On this particular day, we were there at a time when only the gathering and first round of cooking was going on, as the day before was snowing and super cold and NASTY out.  And the trees had quit running for that day.  But as the glorious sunny day went on, the sap began to run again, and there was some liquid in the bags from the little bit that had dripped out since Thursday evening. The sap in the bags were partially frozen to totally a block of ice, but as we went the super frozen ones thawed a bit.  INTERESTINGLY, the stuff that stays frozen the longest is the water and the liquid is the more pure, sweet part of the sap. The evaporation process is partially done if you can leave the ice chunk behind!  It took a while, but we poured off the sap, opened and dumped out the ice, reset the bag and on we went.  The Mad-Art Teacher and her friend Jane had a great time catching up with life, as it has been a while since we touched base!!  After a while the MA and the Barber (who tagged along on this trip) joined in the sap gathering whilst Rog manned the cooker.  Of course it is the easiest and fastest if the sap doesn't have to be frozen into an ice chunk!  But Mother Nature is just not being particularly cooperative in that regard.
Bucket-lugger and bag emptier

The second squad of sap gatherers

Anyway, we got the sap back to the outdoor kitchen, which is such a cool setup, and Roger got the sap into the upper tank and began the cooking process.  In the meantime, while allowing the evaporation to take place, we had coffee, treats and really good coversation!  The sun was warm, but the wind was NOT!!  And we were rewarded for helping with a lovely, amber bottle of syrup!  YAY!!!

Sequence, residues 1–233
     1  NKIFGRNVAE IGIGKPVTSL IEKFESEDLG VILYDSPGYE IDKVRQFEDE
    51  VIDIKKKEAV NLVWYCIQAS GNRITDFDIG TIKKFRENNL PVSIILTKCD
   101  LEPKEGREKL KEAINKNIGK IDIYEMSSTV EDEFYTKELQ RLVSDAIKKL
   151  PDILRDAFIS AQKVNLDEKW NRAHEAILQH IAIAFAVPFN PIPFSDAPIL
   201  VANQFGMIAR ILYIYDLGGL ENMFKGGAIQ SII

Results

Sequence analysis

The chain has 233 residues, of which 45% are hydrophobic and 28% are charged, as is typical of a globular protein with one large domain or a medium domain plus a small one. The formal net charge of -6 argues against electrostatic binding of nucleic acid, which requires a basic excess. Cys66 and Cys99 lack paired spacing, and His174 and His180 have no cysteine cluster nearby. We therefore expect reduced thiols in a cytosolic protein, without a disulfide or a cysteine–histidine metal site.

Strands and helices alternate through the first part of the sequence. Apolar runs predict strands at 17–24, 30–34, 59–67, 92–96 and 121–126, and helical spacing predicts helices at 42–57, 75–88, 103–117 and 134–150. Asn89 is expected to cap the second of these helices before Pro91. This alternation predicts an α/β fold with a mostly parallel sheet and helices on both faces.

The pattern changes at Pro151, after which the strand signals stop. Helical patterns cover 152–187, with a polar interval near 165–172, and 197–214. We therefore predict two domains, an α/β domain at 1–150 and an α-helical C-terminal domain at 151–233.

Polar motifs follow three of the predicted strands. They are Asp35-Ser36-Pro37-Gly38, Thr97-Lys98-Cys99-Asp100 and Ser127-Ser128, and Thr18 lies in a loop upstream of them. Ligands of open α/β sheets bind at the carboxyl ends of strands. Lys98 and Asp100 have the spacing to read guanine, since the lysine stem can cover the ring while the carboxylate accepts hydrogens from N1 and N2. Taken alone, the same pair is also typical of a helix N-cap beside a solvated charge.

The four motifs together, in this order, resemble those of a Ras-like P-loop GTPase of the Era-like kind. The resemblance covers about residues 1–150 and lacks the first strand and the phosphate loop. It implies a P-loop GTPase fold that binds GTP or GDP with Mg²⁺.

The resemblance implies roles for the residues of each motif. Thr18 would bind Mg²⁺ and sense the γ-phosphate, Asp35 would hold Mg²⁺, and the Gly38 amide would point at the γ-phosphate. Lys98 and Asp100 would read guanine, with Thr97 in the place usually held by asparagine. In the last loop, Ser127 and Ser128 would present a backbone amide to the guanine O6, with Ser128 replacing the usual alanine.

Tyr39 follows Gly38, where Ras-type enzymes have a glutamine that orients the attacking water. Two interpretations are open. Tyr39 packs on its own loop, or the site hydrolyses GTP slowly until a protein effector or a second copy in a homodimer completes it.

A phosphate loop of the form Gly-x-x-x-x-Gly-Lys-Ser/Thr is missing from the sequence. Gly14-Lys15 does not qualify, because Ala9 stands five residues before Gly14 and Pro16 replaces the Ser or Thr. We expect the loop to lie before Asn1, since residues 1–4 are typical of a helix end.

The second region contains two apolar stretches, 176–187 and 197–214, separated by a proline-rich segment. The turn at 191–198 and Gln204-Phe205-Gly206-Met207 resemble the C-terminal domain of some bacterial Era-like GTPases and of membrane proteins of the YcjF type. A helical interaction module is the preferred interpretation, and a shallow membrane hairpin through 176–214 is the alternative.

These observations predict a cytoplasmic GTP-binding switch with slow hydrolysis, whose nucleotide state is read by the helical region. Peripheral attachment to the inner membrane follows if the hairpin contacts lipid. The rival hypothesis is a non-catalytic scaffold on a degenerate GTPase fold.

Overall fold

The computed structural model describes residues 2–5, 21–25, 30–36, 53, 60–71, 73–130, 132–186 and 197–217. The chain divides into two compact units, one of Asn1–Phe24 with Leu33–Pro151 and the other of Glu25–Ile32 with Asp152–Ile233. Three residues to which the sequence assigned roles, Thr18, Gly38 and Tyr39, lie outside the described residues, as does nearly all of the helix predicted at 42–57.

The icy, cold day- sunny though!!

part of this years harvest

One batch of syrup was not filtered for calcium- lots of minerals in the sap this year.  The rest of the syrup has been filtered to remove the calcium.

A bag that is a picture example of what this year has been like!

Strong sun on the snow makes for interesting shadows you just don't usually see

Interior of the cooker

The barber enjoying coffee, conversation and the entertainment of watching the water and snow fall off the metal roof. It was more entertaining than you might imagine!

The frozen remains of the sap buckets- This excess water remains frozen a long long time and makes for an interesting ice sculpture

I wish I could have shown you the rest of the process- the finishing and bottling, but that part will take place today!
What a NICE day it was!

Talk about joy givers!!!  THANK YOU for the lovely afternoon, Jane and Roger!


  1. We make maple syrup too, for our family, but much more primitively than your friends. I won't show Bill that gorgeous evaporator...he might think he has to make syrup yearly. It sure is a great run this yr., however, compared to last yr.
    A warning: The calcium (sugar sand), as we call it, can explode your jars. A neighbor had this happen once and when she went to pick up the jars off the shelf, they had cracked at the top of the sugar line. She had quite the sticky mess to clean up. The sugar crystalizes so very hard and within a day of it settling. It happened with our first small batch this yr. We reheated it, and filtered it through a thick orlon bag. It made all the difference in clarity and no more deposits. Just a warning. I'd hate to see anyone loose such precious liquid gold.
    From just north of you

  2. also, a hygrometer is so worth the purchase. It will tell you exactly when your syrup is perfect...and you won't have to worry about the calcium deposits due to overcooking the syrup.
    Hope I didn't bore you to tears, yet.

  3. Hey thanks for the comments, Dar. I will actually pass that info about the calcium laden jars onto Jane. If the Hygrometer is that little floaty thing that you use to test the sugar level, they have that. I didn't take exhaustive photos! :)